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- -the medication is to be taken with plenty of fluids (2000 to 3000 mL/24 hr)
- -taken with food to decrease GI adverse effects.
- -medications are to be taken exactly as prescribed and for the full duration indicated, as with all antibiotics.
- -Doses are to be spaced at regularly scheduled intervals.
- -Instruct the patient to take oral dosage forms with water, avoiding the following beverages: caffeine-containing beverages, citrus fruit, cola beverages, fruit juices, and tomato juice (decrease effectiveness of the antibiotic).
- -If the patient must take a penicillin drug four times a day, encourage the patient to set up a reminder system (with cell phone alarms or a watch) so that blood levels remain steady.
- -advise the patient to report unresolved GI upset
- -such as diarrhea and nausea
- -Alcohol must be avoided.
- -advise patients to avoid exposure to tanning beds and direct sunlight or to use sunscreen and/or wear protective clothing because of drug-related photosensitivity.
- -These photosensitive effects may be noticed within a few minutes to hours after taking the drug and may last up to several days after the drug has been discontinued.
- -instruct the patient to take the drug as directed, and check for interactions with other drugs being taken at the same time, especially interactions between erythromycin and other medications.
- -For some drugs in this class (e.g., azithromycin), newer dosage forms are available in 3-day and 1-day dose packs rather than the 5-day dose pack. Always be sure that the patient knows the proper dosage and instructions for the drug the patient is taking.
- -Educate the patient about the drug, its purpose, and its adverse effects, including the risk of hearing loss, which may occur after completion of therapy. Advise the patient to report to the prescriber any change in hearing.
- -Forcing fluids up to 3000 mL/day, unless contraindicated, is important with any medication but especially with antibiotics to maximize absorption of oral doses, minimize some of the adverse effects, and ensure adequate hydration.
- -Instruct the patient to report to the prescriber any persistent headache, nausea, or vertigo. Educate the patient about the signs and symptoms of superinfection, such as diarrhea; vaginal discharge; stomatitis; loose and foul-smelling stools; and cough.
- Educate about the importance of avoiding exposure to the sun and tanning beds. Recommend the use of sunglasses and sunscreen protection.
- • Advise the patient to report to the prescriber any headache, dizziness, restlessness, diarrhea, vomiting, oral candidiasis, flushing of the face, and/or inflammation of the tendons.
- • Educate about drug interactions that may occur with the following drugs: calcium, magnesium, probenecid, nitrofurantoin, oral anticoagulants, antacids, iron, sucralfate, and zinc preparations. Instruct the patient to take calcium and magnesium supplements at least 1 hour before or after taking the quinolone. Probenecid may reduce the excretion of the antibiotic and cause toxicity. Since quinolones may alter the intestinal flora and thus vitamin K synthesis, oral anticoagulants must be used with caution in patients taking these antibiotics.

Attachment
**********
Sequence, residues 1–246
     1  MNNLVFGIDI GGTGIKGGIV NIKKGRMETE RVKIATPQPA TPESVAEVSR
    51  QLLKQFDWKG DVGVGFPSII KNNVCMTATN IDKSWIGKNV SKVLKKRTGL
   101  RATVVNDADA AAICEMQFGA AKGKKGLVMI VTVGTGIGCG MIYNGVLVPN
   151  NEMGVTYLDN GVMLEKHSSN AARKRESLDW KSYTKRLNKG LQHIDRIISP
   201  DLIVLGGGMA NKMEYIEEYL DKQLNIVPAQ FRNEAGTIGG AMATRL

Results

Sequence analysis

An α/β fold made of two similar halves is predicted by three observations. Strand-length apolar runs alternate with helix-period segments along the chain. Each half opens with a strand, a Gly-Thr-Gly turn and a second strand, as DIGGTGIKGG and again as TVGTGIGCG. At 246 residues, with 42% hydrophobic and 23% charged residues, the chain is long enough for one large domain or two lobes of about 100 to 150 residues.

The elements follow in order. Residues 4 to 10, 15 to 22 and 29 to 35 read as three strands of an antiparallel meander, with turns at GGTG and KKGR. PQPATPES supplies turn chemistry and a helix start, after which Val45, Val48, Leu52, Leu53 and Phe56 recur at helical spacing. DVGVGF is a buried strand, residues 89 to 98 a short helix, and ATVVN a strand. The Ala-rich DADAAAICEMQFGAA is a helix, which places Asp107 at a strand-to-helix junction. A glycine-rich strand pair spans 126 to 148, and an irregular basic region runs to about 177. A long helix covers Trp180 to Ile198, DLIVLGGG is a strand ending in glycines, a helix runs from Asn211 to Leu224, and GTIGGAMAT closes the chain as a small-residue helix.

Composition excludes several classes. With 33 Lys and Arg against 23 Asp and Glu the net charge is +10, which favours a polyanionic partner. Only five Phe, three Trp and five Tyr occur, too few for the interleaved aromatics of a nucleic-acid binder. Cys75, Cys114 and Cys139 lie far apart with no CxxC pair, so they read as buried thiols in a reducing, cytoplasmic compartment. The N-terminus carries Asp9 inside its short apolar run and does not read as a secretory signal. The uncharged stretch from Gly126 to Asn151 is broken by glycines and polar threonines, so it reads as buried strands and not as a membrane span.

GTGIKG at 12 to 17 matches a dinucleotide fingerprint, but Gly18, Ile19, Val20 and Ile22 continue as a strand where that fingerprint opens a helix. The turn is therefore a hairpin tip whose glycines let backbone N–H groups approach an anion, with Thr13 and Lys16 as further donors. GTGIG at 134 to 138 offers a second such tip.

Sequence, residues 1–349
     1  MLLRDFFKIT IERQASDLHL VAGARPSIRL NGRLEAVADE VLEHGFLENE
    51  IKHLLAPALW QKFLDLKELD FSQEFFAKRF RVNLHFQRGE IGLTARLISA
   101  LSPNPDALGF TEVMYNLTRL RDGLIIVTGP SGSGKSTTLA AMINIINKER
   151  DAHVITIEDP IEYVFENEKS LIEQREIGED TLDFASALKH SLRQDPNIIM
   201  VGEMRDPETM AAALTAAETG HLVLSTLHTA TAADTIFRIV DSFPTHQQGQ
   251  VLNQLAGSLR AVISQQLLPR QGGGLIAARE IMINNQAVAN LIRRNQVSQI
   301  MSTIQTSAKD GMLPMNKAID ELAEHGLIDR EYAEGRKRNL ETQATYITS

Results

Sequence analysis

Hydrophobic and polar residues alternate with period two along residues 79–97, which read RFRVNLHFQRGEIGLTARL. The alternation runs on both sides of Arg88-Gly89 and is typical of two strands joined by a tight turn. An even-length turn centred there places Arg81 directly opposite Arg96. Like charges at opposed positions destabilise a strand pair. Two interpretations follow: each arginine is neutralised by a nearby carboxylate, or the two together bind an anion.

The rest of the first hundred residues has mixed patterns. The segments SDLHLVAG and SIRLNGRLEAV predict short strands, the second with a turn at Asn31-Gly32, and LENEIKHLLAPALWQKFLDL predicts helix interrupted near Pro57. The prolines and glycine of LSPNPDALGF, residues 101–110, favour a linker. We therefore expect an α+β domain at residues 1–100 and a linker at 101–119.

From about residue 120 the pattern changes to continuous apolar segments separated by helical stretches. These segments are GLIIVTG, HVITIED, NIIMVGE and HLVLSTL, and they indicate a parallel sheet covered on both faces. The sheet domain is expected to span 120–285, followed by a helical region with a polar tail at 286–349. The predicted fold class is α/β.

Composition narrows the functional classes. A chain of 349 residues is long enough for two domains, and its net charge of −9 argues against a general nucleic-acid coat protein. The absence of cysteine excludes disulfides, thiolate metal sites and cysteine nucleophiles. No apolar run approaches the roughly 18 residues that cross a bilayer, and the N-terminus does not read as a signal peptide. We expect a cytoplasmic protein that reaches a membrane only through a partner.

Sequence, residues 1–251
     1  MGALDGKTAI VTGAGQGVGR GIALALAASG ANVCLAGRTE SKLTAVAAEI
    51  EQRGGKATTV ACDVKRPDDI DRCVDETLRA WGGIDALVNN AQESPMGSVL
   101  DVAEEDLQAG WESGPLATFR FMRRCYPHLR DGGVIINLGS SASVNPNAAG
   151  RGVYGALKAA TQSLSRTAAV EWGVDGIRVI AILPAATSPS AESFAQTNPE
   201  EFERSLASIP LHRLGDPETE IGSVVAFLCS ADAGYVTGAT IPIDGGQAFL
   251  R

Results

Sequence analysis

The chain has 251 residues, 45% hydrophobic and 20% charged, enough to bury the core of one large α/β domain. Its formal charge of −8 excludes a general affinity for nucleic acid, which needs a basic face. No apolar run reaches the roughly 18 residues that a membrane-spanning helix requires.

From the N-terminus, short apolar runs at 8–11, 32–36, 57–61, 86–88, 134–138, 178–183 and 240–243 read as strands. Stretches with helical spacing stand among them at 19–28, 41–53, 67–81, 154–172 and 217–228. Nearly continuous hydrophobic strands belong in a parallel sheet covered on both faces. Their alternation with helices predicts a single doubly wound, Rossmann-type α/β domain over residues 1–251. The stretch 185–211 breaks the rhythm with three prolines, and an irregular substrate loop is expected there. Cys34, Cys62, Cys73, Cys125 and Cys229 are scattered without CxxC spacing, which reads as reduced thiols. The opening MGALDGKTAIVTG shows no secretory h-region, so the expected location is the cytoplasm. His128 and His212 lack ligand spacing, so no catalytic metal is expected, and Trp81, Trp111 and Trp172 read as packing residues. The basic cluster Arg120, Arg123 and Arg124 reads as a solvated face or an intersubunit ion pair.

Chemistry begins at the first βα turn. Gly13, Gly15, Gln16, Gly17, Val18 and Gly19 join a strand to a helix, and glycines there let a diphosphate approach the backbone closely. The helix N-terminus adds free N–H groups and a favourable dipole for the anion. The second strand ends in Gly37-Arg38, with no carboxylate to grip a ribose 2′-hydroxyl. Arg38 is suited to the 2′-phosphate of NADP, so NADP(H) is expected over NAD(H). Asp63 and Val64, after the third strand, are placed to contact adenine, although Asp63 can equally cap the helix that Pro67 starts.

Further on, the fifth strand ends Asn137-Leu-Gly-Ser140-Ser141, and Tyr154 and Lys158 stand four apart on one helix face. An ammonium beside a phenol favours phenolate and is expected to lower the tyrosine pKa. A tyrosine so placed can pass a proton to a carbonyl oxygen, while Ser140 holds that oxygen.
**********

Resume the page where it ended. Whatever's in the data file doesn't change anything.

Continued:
- • Instruct the patient to take ciprofloxacin and levofloxacin, both quinolones, exactly as ordered.
- Instruct the patient not to use topical forms near the eyes or near any abraded areas to avoid irritation.
- • When vaginal dosage forms are used, the patient needs to be advised not to engage in sexual intercourse for the duration of therapy. The full course of antibiotics are to be taken as ordered to obtain maximal therapeutic benefit.
- • If cream dosage forms get into the eyes accidentally, instruct the patient to rinse the eyes immediately with copious amounts of cool tap water.
- Instruct the patient to continue therapy for the full prescribed length of treatment (as with all antibiotics).
- • Educate the patient to avoid tyramine-containing foods (e.g., red wine, aged cheeses) while taking the drug.
- • Instruct the patient to report to the prescriber immediately any severe abdominal pain, fever, severe diarrhea, and/or worsening of signs and symptoms of infection.
- Caution the patient to avoid alcohol and any alcohol-containing products (e.g., cough preparations and elixirs) while taking the drug because of the risk for a disulfiram-like reaction (e.g., severe vomiting).
- • Educate the patient about the purpose of the drug, such as its use as either an antibacterial or an antifungal medication, because this knowledge is crucial to achieving therapeutic effects and preventing adverse effects.
Advise the patient to report to the prescriber any abdominal cramping, dizziness, severe skin reactions, or jaundice.
- Instruct the patient to report any changes in hearing such as ringing in the ears or a feeling of fullness in the ears. Any nausea, vomiting, unsteady gait, dizziness, generalized tingling (usually after intravenous dosing), chills, fever, rash, and/or hives must also be reported.
- • Monitor therapeutic serum levels throughout therapy; this monitoring is key to prevention of toxicity. Trough levels are usually monitored throughout therapy. Stress to the patient that follow-up appointments are important for monitoring serum drug levels and identifying possible toxic effects.
Amphotericin B possible adverse reactions
possible adverse effects include tinnitus, blurred vision, burning and itching at the infusion site, headache, rash, fever, chills, hypokalemia, gastrointestinal upset, and various anemias.
Instruct patients taking caspofungin to immediately report to the prescriber any problems with shortness of breath, itching, facial swelling, and/or a rash.
to be taken 1 hour before or 1 hour after meals. Warn the patient about the adverse effect of photophobia with use of this drug.